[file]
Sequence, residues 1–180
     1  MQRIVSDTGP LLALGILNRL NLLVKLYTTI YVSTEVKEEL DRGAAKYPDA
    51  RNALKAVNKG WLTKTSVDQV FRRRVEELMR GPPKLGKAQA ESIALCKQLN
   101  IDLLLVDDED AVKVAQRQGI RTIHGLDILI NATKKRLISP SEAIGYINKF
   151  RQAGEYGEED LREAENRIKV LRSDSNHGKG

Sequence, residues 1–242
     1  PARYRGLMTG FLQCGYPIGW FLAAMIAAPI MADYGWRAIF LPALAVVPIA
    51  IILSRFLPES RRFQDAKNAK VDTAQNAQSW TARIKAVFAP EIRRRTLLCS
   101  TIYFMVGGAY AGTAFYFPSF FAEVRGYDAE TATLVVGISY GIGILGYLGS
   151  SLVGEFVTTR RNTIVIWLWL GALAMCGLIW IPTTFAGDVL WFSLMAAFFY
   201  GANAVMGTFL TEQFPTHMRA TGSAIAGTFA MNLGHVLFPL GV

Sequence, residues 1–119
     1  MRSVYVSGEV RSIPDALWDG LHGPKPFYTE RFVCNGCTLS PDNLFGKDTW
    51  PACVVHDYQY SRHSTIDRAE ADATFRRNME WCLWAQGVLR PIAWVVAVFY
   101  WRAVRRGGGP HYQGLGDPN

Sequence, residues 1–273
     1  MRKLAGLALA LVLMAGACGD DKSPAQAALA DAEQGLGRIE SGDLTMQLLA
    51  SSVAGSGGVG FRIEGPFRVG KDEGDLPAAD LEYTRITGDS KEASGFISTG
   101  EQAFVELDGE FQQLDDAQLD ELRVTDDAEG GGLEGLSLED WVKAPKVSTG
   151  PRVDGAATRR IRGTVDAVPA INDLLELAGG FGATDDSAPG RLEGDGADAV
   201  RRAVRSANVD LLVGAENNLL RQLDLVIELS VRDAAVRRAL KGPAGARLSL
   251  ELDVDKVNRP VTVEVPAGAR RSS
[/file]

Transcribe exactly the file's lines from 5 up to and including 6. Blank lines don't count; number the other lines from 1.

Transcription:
   151  RQAGEYGEED LREAENRIKV LRSDSNHGKG

Sequence, residues 1–242